The ‘TBA Travel Stocks Index’ for June, from the current editions of WYSK:What-You-Should-Know, published by Travel Business Analyst, shows: World 224, Asia Pacific 88, Europe 193, US 391.

The worldwide ‘Net-Value Travel-Tech Index’ for travel stocks of OTAs (+Amadeus) in June, from the current edition of our monthly Net Value report, was at 144.

The ‘China Travel Stock Index’ of China stock prices (from China companies quoted in Hong Kong and New York, as well as Shanghai), in June from the current editions of WYSK:What-You-Should-Know, published by Travel Business Analyst, was at 117.

Notes: The Baird/STR hotel index is based on 1000 at February 2000. The TBA Hotel and Airline stocks indices are based on 100 at December 2000, the ‘TBA All-Travel Index’ 100 at December 2006, the ‘Net-Value Travel-Tech Index’ 100 at December 2014, the ‘China Travel Stock Index’ 100 at December 2018. Or when first listed if later.

 

Europe cities in 2018 +4%

8 July 2019

ECM* reports that bednights in its 119 Europe city members in 2018 grew +4.2%, following +7.4% in 2017. Other findings:

-Top-5 were, in order of size, London, Paris, Berlin, Rome, Istanbul. Dropping out was Madrid.

-AAGR (annual average growth rate, 2013-18) +4.1%.

-Fastest-growing (size not given) sources were China +9.6%, Spain +8.5%, US +6.4%.

-Top city London fell heavily, -8.7%, although the Brexit-related fall in the UK currency was forecast to produce the opposite – fast growth. However, London is still by far the biggest and so this fall does not change its ranking; its 71.1mn bednights compare with Paris’s 52.5mn.

-Some fast growths among the top-10 – by size Paris +9.2%, Istanbul +20.3%, Munich +9.3%. Growth in Istanbul is a surprise, because its coup-attempt was in 2016, which would normally have produced a fast growth in 2017, not 2018.

Our database indicates other important changes, which have not raised any comment from ECM:

-7 of the top-10 changed their figures from 2017. In all cases except Paris, this change resulted in a higher total in 2018. Munich was the biggest change, from what we calculate to be a -4.9% fall into a currently-stated +9.3% growth. We believe this difference is simply that not all data was available when the 2017 results were first published.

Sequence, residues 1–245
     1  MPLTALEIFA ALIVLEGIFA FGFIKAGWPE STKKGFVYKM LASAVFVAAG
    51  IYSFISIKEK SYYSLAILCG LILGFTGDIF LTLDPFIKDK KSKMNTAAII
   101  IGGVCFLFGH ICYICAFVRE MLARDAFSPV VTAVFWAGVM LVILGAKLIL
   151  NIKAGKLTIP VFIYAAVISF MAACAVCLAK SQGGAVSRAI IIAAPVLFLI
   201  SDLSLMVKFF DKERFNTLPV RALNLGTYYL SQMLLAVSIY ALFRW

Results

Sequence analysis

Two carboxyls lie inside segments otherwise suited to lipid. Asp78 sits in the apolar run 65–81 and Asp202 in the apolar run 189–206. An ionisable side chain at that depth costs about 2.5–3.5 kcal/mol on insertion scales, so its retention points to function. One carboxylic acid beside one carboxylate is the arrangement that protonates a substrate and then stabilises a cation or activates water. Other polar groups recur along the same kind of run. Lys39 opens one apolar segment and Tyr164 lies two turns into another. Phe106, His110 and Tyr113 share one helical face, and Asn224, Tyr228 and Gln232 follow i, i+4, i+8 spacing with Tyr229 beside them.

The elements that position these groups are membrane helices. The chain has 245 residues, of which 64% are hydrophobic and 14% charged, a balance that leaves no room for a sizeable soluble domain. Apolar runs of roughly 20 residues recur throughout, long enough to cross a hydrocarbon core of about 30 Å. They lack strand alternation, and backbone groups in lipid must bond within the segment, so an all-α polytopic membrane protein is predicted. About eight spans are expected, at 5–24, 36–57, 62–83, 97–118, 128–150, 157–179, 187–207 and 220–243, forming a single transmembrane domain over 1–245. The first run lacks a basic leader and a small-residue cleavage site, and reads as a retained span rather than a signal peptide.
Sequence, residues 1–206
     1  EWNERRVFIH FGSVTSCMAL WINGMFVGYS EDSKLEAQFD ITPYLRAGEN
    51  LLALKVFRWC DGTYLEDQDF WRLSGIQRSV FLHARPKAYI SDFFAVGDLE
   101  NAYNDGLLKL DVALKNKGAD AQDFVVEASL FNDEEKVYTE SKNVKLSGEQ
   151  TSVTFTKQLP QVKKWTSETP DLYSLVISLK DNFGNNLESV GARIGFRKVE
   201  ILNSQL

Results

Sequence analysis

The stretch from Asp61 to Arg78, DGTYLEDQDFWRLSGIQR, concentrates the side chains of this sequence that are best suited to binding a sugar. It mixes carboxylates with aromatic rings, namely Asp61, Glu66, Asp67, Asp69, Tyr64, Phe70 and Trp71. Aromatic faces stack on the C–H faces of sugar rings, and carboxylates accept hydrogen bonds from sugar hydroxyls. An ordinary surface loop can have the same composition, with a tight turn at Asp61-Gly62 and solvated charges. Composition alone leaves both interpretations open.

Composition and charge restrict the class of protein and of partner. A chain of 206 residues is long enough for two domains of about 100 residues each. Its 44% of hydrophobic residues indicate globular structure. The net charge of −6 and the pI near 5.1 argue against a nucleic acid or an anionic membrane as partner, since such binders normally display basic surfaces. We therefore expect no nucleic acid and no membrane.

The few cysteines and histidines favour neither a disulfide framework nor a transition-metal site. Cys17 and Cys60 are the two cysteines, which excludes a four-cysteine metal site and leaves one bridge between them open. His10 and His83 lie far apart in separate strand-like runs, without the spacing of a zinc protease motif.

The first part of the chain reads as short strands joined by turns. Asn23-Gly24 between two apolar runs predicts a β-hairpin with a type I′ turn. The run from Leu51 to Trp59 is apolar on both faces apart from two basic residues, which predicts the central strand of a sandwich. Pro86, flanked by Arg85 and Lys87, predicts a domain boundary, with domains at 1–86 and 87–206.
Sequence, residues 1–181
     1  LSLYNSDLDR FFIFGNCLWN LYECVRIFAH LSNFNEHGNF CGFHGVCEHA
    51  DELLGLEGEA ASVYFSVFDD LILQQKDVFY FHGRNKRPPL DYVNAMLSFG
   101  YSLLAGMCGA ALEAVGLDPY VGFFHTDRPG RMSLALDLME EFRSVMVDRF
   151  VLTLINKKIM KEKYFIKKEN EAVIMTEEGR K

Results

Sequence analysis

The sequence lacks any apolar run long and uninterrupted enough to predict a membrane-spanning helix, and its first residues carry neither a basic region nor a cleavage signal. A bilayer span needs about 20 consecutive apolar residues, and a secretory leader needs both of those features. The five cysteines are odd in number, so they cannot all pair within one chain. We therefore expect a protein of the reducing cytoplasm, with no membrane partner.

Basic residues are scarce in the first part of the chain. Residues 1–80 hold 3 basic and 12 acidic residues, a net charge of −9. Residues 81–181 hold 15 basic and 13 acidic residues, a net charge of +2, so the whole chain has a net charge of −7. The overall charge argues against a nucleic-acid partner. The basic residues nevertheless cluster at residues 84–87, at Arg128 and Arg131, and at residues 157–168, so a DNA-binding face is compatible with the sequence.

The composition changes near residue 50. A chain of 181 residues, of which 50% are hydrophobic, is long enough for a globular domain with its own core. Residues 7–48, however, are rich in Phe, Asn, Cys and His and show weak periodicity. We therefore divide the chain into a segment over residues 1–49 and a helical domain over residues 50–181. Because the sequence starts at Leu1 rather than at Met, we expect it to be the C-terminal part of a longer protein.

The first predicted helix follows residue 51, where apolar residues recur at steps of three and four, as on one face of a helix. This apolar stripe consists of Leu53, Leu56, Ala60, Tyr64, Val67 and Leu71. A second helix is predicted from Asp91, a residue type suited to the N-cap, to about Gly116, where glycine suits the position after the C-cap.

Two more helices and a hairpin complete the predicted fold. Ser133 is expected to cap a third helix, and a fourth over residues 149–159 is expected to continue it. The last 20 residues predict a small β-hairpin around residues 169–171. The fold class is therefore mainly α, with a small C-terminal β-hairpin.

-Amsterdam dropped out of top-10 as Istanbul moved in.

*Notes: ECM=European Cities Marketing.

 

 

 

 

 

 

The Fox. Remember, I’m an industry expert in the parallel world.

*Fox – sly.  Trots – left-leaning (Trotsky) plus its more insalubrious meaning.  Foxtrots – leading the industry in a dance.

Travel Industry Data News, July 1-5.

Leave a comment

FOXTROTS*

 

Travel Industry Data News, July 1-5.

From http://www.travelbusinessanalyst.com

 

TBA Tracking: Indices, hotel stocks, China travel stocks

5 July 2019

Hotel stocks worldwide

The June ‘TBA-100 Index’ of hotel stock prices worldwide, from the current editions of WYSK: What-You-Should-Know, published by Travel Business Analyst, shows 169. Previous month 163. (Base 100: December 2000 or when first listed.)

China travel stocks

The June ‘China Travel Stock Index’ of China stock prices (from China companies quoted in Hong Kong and New York, as well as Shanghai), from the current editions of WYSK: What-You-Should-Know, published by Travel Business Analyst, shows 117. Previous month 103. (Base 100: December 2018.)

 

Travel business updates

4 July 2019

[] IATA (International Air Transport Association) reports for May RPKs +4.5%, ASKs +2.7%, load factor 81.5%, +1.4pt. RPKs by region – Asia Pacific +4.5%, Europe +5.4%, Middle East +0.7%, North America +4.5%.

International RPKs +4.3% – Asia Pacific +4.0%, Europe +5.4%, Middle East -0.8%, North America +4.8%.

Domestic RPKs +4.8% – Australia +1.1%, Brazil +1.3%, China +7.6%, India +6.0%, Japan +6.6%, Russia +10.6%, US +4.6%.

[] STR (nee Smith Travel Research) reports on US hotels 23-29 June: occupancy -0.5% to 75.5%, average room rate +1.4% to US$133.83.